Does a formal common-basket peg in East Asia make economic sense?
Before the financial crisis, a number of east Asian economies managed their exchange rates with the aim of stabilising the value of their currency against a basket of key major currencies, but overwhelmingly the US dollar (Frankel and Wei 1994). This suited these economies in the first half of the 1990s as the yen appreciated against the dollar, diverting trade and investment their way and stimulating economic growth. But as the dollar appreciated against the yen from 1995, these countries lost...[Show more]
|dc.contributor.author||de Brouwer, Gordon|
|dc.description.abstract||Before the financial crisis, a number of east Asian economies managed their exchange rates with the aim of stabilising the value of their currency against a basket of key major currencies, but overwhelmingly the US dollar (Frankel and Wei 1994). This suited these economies in the first half of the 1990s as the yen appreciated against the dollar, diverting trade and investment their way and stimulating economic growth. But as the dollar appreciated against the yen from 1995, these countries lost competitiveness relative to Japan and Europe, and their trading positions deteriorated, leaving them vulnerable to changes in investor sentiment. This experience has been taken to show the folly of a country tying its currency to that of only one of its several major trading partners: so long as the major currencies move by large amounts against each other, a country which exports to all the major economies but targets stability only in its exchange rate with one major currency will experience variability in its effective exchange rate and its bilateral exchange rates with the other major currencies. At the same time, trade within east Asia has become steadily more important to countries in the region. To the degree that the weights in an effective exchange rate target differ between countries, intra-regional exchange rates will also vary as the major currencies vary between themselves. These two factors have led commentators, such as Williamson (1999), Dornbusch and Park (1999), Murase (2000) and others, to advocate a common-basket exchange rate peg for the east Asian region, or some subset of it. They argue that countries can expect to stabilise overall trade competitiveness by targeting such a peg. They also argue that countries can eliminate intra-regional exchange rate variability by adopting common weights in the basket peg: regional currencies move together so intra-regional competitiveness is unchanged. This proposal seems to have engaged some interest at official levels in the region, especially in Japan (Council on Foreign Exchange and Other Transactions 1999; Sakakibara 1999; Kuroda 2000). This paper looks at some of the issues related to whether a formal common-basket exchange rate peg would be appropriate for east Asia. It first summarises the current debate about common currency arrangements in the region. It then summarises the conceptual arguments for a common-basket exchange rate peg and assesses them with reference to a range of factors. Two are specific to the proposal. The first examines the degree to which trade patterns vary between countries in the region, to see whether particular countries would be disadvantaged relative to their neighbours under a common-basket peg. The other looks at the similarity of exports of countries within the region with those of their neighbours and the major economies. The argument for pegging to a common basket is less strong if the exports of countries within the region are more similar to those of the major economies than their regional neighbours. A range of other factors is also relevant to assessing the likely robustness of a common-basket peg exchange rate regime. A common-basket peg would entail a change in exchange rate regime, and it is necessary to show that a peg would be superior to the current regime — floating exchange rates — to which decision makers have already adapted. Advocacy of a shift to a common-basket peg presumes that exchange rate volatility adversely affects trade and economic performance, and evidence on this for east Asia is examined. Pegging may also affect the adjustment of the real exchange rate, specifically whether it occurs through the nominal exchange rate or changes in the price level. The robustness of a regional exchange rate system depends not only on whether individual country’s economic structures are similar, but also whether they pursue common policies and are subject to common internal and external shocks. This is assessed by identifying common factors and long-run or cointegrating relationships in regional real effective exchange rates. Robustness of a regime also depends on a range of political factors — whether the regime complements or conflicts with domestic policy objectives, whether countries are prepared to make substantive policy decisions collectively rather than preserve policy independence, and whether such a policy suits their strategic interests in the region. To the extent that outcomes under a common-basket peg conflict with national economic and policy interests, the system will be vulnerable to speculative attack. Accordingly, strong political commitment is essential. The arguments are summarised in the conclusion.|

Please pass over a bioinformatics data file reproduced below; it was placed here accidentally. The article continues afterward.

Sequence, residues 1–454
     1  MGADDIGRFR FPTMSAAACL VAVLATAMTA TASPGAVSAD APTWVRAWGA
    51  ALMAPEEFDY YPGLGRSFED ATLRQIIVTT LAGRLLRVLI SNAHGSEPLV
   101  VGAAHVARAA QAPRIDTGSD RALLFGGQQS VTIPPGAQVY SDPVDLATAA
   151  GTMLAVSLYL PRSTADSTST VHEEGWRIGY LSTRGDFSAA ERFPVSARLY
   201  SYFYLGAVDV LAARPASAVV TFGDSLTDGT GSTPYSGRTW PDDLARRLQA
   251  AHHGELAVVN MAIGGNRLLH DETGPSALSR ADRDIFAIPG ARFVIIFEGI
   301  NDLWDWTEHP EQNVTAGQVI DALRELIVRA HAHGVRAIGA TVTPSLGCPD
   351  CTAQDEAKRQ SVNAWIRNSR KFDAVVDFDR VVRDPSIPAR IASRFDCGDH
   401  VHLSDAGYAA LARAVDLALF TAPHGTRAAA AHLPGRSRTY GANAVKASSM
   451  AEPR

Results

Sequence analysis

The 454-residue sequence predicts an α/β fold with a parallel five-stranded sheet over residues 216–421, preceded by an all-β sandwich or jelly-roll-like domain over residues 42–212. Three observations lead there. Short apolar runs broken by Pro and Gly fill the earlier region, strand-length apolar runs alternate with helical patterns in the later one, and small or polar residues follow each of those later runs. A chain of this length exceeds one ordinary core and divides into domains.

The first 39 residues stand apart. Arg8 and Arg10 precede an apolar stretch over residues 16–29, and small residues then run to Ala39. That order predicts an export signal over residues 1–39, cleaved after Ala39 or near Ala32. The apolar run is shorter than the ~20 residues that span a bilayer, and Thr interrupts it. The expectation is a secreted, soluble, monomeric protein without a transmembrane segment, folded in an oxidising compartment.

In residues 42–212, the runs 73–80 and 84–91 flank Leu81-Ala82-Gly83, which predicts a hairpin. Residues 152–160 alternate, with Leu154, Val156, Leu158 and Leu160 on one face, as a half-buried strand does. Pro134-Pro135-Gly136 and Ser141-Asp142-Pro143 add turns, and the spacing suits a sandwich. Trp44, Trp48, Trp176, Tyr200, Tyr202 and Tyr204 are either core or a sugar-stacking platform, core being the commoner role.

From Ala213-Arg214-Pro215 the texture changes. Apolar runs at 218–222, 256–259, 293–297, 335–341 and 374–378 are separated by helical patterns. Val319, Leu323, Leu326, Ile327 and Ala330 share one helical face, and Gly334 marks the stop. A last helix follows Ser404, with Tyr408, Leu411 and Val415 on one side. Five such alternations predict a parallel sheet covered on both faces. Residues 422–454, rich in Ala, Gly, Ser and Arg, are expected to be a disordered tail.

|dc.relation.ispartof||Financial markets and policies in East Asia|
|dc.subject||common basket peg|
|dc.title||Does a formal common-basket peg in East Asia make economic sense?|
|local.identifier.citationpublication||Financial markets and policies in East Asia|
|local.identifier.absfor||140210 - International Economics and International Finance|
|local.contributor.affiliation||De Brouwer, Gordon, College of Asia and the Pacific, ANU|
|Collections||ANU Research Publications|
|GdB02-01.pdf||1.32 MB||Adobe PDF|
Items in Open Research are protected by copyright, with all rights reserved, unless otherwise indicated.